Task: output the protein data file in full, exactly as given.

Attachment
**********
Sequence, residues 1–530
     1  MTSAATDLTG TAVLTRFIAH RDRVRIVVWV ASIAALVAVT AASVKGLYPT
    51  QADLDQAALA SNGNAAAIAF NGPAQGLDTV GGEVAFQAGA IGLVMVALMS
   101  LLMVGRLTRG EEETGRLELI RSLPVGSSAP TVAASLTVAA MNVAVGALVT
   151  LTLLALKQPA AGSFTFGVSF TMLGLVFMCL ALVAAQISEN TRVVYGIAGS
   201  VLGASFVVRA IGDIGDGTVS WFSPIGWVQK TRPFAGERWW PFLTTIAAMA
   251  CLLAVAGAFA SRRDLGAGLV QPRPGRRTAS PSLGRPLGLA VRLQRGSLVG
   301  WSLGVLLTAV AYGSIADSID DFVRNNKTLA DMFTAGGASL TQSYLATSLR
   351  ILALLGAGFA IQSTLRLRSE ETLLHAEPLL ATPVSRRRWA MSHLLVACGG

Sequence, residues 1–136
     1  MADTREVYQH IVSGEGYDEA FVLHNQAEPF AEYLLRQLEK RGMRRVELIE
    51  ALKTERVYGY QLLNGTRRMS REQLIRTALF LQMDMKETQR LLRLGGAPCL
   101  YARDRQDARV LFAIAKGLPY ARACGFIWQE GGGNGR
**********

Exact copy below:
Sequence, residues 1–530
     1  MTSAATDLTG TAVLTRFIAH RDRVRIVVWV ASIAALVAVT AASVKGLYPT
    51  QADLDQAALA SNGNAAAIAF NGPAQGLDTV GGEVAFQAGA IGLVMVALMS
   101  LLMVGRLTRG EEETGRLELI RSLPVGSSAP TVAASLTVAA MNVAVGALVT
   151  LTLLALKQPA AGSFTFGVSF TMLGLVFMCL ALVAAQISEN TRVVYGIAGS
   201  VLGASFVVRA IGDIGDGTVS WFSPIGWVQK TRPFAGERWW PFLTTIAAMA
   251  CLLAVAGAFA SRRDLGAGLV QPRPGRRTAS PSLGRPLGLA VRLQRGSLVG
   301  WSLGVLLTAV AYGSIADSID DFVRNNKTLA DMFTAGGASL TQSYLATSLR
   351  ILALLGAGFA IQSTLRLRSE ETLLHAEPLL ATPVSRRRWA MSHLLVACGG

Sequence, residues 1–136
     1  MADTREVYQH IVSGEGYDEA FVLHNQAEPF AEYLLRQLEK RGMRRVELIE
    51  ALKTERVYGY QLLNGTRRMS REQLIRTALF LQMDMKETQR LLRLGGAPCL
   101  YARDRQDARV LFAIAKGLPY ARACGFIWQE GGGNGR